The Spatial Payoff of NYC Bike-Share

The curb space taken up by five standard parallel parking spots can accommodate 39 bike-share docks. Photo of Remsen Street in Brooklyn Heights: Doug Gordon

Last night’s Brooklyn Community Board 2 hearing on bike-share was hardly the “battle” anticipated by the Brooklyn Eagle. About 20 people testified after DOT presented the draft station maps for the district [PDF, pages 10-15], and almost all of them supported the bike-share program in general, with several residents expressing delight at the prospect of a new travel option for Brooklyn Heights, Downtown Brooklyn, and Fort Greene. Some speakers objected to specific stations, and it will be interesting to see how DOT adjusts the station map in this area before the July launch.

Numerically, Brooklyn Heights residents who welcomed bike-share kiosks had the advantage last night over those who didn’t. The objections, most of which were of the Not-In-My-Front-Yard variety, revealed the strange double standards that often surface when the subject turns to bikes. There were, for instance, a few Brooklyn Heights residents concerned about how the sleek bike-share kiosks would look in front of the “historically significant structures in the city’s first landmarked district” — kiosks that would occupy the same streets where late-model luxury sedans and SUVs sit parked at all hours. And Brigit Pinnell of the Montague Street Business Improvement District insisted her members would be better off with five metered parking spaces than with 39 public bicycle docks.

One pattern that stood out last night was the tendency to overestimate the space that bikes take up and to underestimate the space that cars take up. Residents of the Oro luxury condo development in Downtown Brooklyn said the space in front of their building was ill-suited for a bike-share station because Johnson Street is narrow. But the stations are only six feet wide, taking up less street width than the placarded personal vehicles belonging to city and court employees who park there illegally all day long. By placing the station on the same corner of the block as the Oro, bike-share planners would actually improve safety at that corner — keeping placarded vehicles out of that space will enable pedestrians, drivers, and cyclists crossing the intersection to see each other better. (Oddly, the Oro residents were fine with putting the station across the street from their building.)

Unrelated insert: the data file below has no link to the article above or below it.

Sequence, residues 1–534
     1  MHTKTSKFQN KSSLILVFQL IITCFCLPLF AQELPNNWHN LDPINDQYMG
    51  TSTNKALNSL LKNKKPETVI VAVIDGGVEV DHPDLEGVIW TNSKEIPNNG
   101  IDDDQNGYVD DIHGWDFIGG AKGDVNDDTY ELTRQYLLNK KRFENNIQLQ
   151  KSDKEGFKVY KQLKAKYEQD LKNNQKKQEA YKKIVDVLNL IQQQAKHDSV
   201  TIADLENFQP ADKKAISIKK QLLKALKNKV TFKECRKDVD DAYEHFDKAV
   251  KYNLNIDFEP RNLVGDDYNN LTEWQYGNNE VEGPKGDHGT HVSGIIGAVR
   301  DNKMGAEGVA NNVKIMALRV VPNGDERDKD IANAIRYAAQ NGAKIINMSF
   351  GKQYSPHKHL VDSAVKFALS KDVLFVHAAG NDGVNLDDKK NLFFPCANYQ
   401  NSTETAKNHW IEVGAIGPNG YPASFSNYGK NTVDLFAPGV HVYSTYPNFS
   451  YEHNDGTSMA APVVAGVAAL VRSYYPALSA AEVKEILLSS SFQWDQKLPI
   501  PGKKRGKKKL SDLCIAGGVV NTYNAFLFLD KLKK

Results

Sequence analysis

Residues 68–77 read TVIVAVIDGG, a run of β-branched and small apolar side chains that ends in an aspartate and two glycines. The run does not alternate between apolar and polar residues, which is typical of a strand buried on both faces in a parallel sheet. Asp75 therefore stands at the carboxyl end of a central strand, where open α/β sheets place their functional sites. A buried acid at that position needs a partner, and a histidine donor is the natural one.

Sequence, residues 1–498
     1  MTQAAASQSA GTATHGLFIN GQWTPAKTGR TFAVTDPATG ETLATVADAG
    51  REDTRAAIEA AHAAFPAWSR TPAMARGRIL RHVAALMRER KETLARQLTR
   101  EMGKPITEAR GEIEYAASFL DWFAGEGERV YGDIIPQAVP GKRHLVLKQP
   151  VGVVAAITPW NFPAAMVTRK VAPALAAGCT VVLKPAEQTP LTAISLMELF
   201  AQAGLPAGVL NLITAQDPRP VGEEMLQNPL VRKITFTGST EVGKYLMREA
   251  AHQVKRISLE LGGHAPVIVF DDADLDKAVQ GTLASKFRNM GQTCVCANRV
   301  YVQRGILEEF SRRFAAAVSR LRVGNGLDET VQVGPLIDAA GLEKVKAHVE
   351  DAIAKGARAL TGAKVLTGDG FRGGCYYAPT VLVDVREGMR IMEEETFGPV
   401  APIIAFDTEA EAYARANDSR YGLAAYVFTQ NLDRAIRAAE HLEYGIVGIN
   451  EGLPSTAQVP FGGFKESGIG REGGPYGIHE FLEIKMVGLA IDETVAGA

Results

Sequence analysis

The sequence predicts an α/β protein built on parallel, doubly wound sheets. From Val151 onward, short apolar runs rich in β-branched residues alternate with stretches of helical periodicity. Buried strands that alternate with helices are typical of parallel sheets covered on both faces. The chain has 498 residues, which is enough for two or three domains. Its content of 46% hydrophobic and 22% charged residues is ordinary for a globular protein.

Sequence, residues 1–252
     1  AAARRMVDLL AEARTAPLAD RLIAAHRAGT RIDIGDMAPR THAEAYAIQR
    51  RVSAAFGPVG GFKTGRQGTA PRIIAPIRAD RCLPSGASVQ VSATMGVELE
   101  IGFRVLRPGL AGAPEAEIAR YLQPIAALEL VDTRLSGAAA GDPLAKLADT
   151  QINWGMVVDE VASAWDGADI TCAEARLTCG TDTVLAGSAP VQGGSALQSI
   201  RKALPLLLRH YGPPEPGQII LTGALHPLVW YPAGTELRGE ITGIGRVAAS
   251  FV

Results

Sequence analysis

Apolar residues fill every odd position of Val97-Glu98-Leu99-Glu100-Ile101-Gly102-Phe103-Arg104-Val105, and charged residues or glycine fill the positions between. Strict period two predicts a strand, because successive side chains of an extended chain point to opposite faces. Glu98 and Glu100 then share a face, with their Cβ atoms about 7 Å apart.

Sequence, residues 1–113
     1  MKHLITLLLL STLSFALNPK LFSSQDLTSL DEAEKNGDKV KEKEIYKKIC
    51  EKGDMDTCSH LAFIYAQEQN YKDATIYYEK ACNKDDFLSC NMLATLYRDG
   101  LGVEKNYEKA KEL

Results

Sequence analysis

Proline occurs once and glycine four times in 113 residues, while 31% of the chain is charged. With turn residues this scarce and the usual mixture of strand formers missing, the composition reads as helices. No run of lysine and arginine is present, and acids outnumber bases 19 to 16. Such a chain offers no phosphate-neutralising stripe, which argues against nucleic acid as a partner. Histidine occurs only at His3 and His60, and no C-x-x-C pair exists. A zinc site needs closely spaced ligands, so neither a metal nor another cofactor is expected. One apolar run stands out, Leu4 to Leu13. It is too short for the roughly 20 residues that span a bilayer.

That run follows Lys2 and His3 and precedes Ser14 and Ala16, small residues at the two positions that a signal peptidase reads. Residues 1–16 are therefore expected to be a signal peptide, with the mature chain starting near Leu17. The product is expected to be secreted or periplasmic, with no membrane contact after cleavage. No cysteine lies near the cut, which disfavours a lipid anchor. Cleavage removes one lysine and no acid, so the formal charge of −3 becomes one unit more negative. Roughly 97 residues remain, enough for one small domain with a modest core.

The gap between perception and reality really came into focus when discussion turned to a 39-dock station proposed for Clinton Street between State and Atlantic.

It sounds like a big number — 39 — but because bikes are small this station can slide right into the block. When DOT staff said the station would be 100 feet long, equivalent to about five parking spaces, a few members of the transportation committee were incredulous that so few cars fit in that space. Glance at municipal codes or street design guidelines [PDF, page 24], though, and you’ll see that the typical length of a parallel parking spot is indeed in the 20- to 22-foot range. All those 16- to 18-foot SUVs and midsize sedans need buffers around them so parkers can maneuver into spaces.

Some people might not be able to envision the spatial efficiencies of bike-share stations until they’re on the ground. But among the other shifts in perception that will accompany the launch of bike-share, I think more New Yorkers are going to start appreciating the fact that you can do more with bicycles than with cars in the same amount of space. This is especially relevant in New York, where 56 percent of car trips are less than three miles long [PDF, page 3] and would make for very convenient bike trips. The Montague Street merchants are going to see many more customers arrive at a new bike-share dock than they did when the space was for parking cars.

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